Some players say pawns are the weakest pieces on the board – maybe that’s why they have 2 special abilities to compensate! Did you know that pawns are the only piece that can turn into other pieces?
Despite the bad rap, pawns are actually very strong if you know their strengths and weaknesses. They make excellent foot soldiers and are absolutely essential to nearly all endgame strategy.
Let’s jump right in to the topic of this article: promotion and en passant.
Only the single most important thing in chess!! When your pawn climbs up the ladder of the chess board and reaches the 8th rank (1st rank if you’re playing black), it receives a promotion. The pawn can now become a Queen, Rook, Knight, or Bishop.
If you’re confused, it’s kind of like checkers when a token becomes a “King” if it reaches the end. However, unlike checkers, a pawn canNOT become a King. (Otherwise, how would checkmate work – would you checkmate both of them? Could you then have 9 kings?)
Most of the time, people choose to have another Queen because her majesty is the strongest piece. However, in rare cases, it’s better to promote to a different piece.
Here is the “Wrong Color Rook Pawn” draw explanation from example game above.
Be careful though – sometimes underpromotions can backfire, even to the world’s best! (Chess.com membership required for video.)
I’m glad you asked! You can only promote with a passed pawn, defined as a pawn with no other pawns to stop it. This means it has “free range” to run to the queening square as long as no enemy pieces can take it. Look at the diagram below.
Passed pawns are HUGE strategic advantages because your opponent’s pieces are tied to defense to stop that pawn from advancing.
Tip: When you have a passed pawn, defend it from behind and push it to the queening square.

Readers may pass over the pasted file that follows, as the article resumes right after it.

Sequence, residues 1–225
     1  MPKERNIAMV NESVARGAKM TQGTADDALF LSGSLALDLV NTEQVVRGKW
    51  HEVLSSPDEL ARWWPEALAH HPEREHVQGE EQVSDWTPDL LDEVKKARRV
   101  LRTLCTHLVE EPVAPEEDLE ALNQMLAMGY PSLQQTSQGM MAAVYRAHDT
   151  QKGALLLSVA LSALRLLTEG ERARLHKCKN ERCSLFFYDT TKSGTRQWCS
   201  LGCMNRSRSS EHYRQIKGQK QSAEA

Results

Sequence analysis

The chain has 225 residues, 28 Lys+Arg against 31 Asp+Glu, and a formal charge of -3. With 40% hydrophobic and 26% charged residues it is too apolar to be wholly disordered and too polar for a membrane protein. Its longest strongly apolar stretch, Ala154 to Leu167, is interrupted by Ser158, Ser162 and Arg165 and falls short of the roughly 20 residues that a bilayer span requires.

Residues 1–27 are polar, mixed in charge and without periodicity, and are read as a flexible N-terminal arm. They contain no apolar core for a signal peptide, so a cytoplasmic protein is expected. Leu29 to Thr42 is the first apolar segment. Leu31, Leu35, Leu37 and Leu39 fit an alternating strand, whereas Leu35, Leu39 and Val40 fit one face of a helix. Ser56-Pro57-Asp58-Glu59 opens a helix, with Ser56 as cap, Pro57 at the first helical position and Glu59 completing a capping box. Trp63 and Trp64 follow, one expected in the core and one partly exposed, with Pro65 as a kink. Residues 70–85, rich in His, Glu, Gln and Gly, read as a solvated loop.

For an example of defending the passed pawn from behind, check out the Tarrasch Rule, “The rooks belong behind passed pawns, behind their own in order to support their advance, behind the enemy’s in order to impede their advance.” (See examples on Wikipedia – “Tarrasch Rule”)
NEVER give your opponent a passed pawn for free except for very good reason.
Because promoting pawns is an essential way to win, there have been entire endgame strategy books written on promotion. Perhaps the best endgame book ever written is Silman’s Complete Endgame Course: From Beginner to Master by International Master Jeremy Silman.
He presents several sections on promotion but also comprehensively covers all endgame fundamentals. Most importantly, he breaks down the material by rating category so it’s easy to digest.
Coming Soon: Watch for our series “Queening the Pawn” to learn more strategic tips for promoting passed pawns.
En Passant is one of the trickiest rules in chess. They are often very difficult to spot over the board but can be extremely powerful.
It’s much easier to visualize but here’s a text explanation: When a pawn moves 2 squares on its first move to land next to an enemy pawn, the enemy pawn can capture it as if it only moved 1 square.
Note: you can only capture the pawn on the very next move after it moves 2 squares, not 2+ moves into the future.
One easy way to visualize en passant is to think of a person tripping another. The black pawn sticks out his leg and trips the white pawn that walks next to him – thus he captures him. However, if the black pawn sticks out his leg AFTER the white pawn already walks by (ie. on subsequent moves), the black pawn won’t trip anybody.
Make sure to look for en passants in your own game. But don’t feel bad if you miss one.
The En Passant rule is so tricky that there are many famous examples of Grandmasters missing an en passant that wins the game on the spot!!